Even as authorities in Cairo said they were investigating the abduction of seven Egyptian Christians in Libya, reports emerged Saturday of more than a dozen other such kidnappings carried out during the day by suspected Islamic militants.
Despite the intensifying dangers as Libya splinters into warring fiefdoms, many Egyptians continue to seek work in the neighboring North African nation, including large numbers of Coptic Christians from southern Egypt or the Nile Delta.
But as Islamic militants tighten their grip on some parts of Libya, Christians have been specifically singled out as targets. They include a Coptic couple and their daughter who were killed last month by unidentified gunmen who burst into their home in the city of Surt, 220 miles southeast of the capital, Tripoli.
The slayings sent shock waves through Egypt’s Coptic community, which will be observing Eastern rite Christmas in the coming week.
Saturday’s reported kidnappings also took place in Surt, where Islamist militias hold sway. An eyewitness, Hanna Aziz, told the Associated Press that attackers forced their way into a residential building before dawn and systematically hunted down Christians, separating out Muslim workers also living there. The screaming captives were handcuffed and dragged away, she said.
A Coptic priest in the town of Samalout in southern Egypt, where the kidnapping victims were from, confirmed the abduction, the AP reported.
Egypt said it was already investigating the report of seven Copts being abducted days earlier in Surt. The victims were reportedly seized by gunmen at a checkpoint as they tried to flee the city.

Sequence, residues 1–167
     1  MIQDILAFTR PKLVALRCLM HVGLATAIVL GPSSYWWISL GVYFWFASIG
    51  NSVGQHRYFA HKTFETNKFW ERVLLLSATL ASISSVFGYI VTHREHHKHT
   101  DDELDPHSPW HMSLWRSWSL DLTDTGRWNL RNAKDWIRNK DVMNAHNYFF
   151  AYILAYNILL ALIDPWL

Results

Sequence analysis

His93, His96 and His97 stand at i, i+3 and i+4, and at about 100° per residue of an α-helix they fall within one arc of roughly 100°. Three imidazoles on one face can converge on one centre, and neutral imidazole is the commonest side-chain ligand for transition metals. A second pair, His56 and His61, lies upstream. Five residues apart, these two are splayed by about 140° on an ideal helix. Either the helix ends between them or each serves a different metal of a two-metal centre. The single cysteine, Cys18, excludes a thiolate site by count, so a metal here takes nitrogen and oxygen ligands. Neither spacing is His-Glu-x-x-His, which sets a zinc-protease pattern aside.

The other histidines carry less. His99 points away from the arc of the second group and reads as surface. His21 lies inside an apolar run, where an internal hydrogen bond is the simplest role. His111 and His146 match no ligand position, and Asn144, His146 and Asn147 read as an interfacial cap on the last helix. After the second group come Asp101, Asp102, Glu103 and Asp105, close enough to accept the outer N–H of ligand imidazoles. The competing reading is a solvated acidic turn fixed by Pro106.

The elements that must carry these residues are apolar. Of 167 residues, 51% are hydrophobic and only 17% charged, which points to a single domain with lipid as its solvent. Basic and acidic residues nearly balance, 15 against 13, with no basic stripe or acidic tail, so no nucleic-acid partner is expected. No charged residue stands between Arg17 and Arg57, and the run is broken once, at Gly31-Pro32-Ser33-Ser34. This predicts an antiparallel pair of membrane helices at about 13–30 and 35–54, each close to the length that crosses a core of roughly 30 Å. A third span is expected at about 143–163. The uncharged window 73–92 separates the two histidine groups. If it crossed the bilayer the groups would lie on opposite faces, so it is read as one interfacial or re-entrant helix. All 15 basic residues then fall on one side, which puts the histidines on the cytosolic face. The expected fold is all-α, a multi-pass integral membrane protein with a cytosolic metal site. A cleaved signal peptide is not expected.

As chaos has mounted in Libya in the wake of its 2011 uprising, Coptic Christians have found themselves in particular peril. In February, seven were shot dead execution-style in the eastern Libya city of Benghazi.
Egyptian authorities say it has been difficult to ensure the safety of Egyptian nationals because Libya has competing governments, one based in Tripoli and the other, which is internationally recognized, based in the eastern town of Tobruk, near the Egyptian border. Egypt -- whose ambassador himself was abducted last year -- no longer has an embassy in Tripoli.
The wave of attacks against Copts, indigenous Christians who make up about 10% of Egypt’s population, came as battling militias in Libya tried to gain an advantage in a fierce confrontation that has largely devolved into a stalemate.
Forces loyal to the Tobruk government staged airstrikes Saturday on Misurata, home base for fighters affiliated with the administration in Tripoli, both sides of the conflict reported.
The two sides are also fighting for control of Libya’s largest oil terminal, at As Sidr, where blazing oil tanks have set up enormous plumes of smoke that are visible from outer space. Libya’s oil production has fallen dramatically as rival armed groups set their sights on the country’s energy wealth.
Libya’s militias, fractured along regional and tribal lines and running the spectrum from Islamist to secular, fought four years ago with the common purpose of ousting dictator Moammar Kadafi, but swiftly turned on one another when he was out of the way. United Nations-brokered peace efforts have yielded no signs of conciliation.
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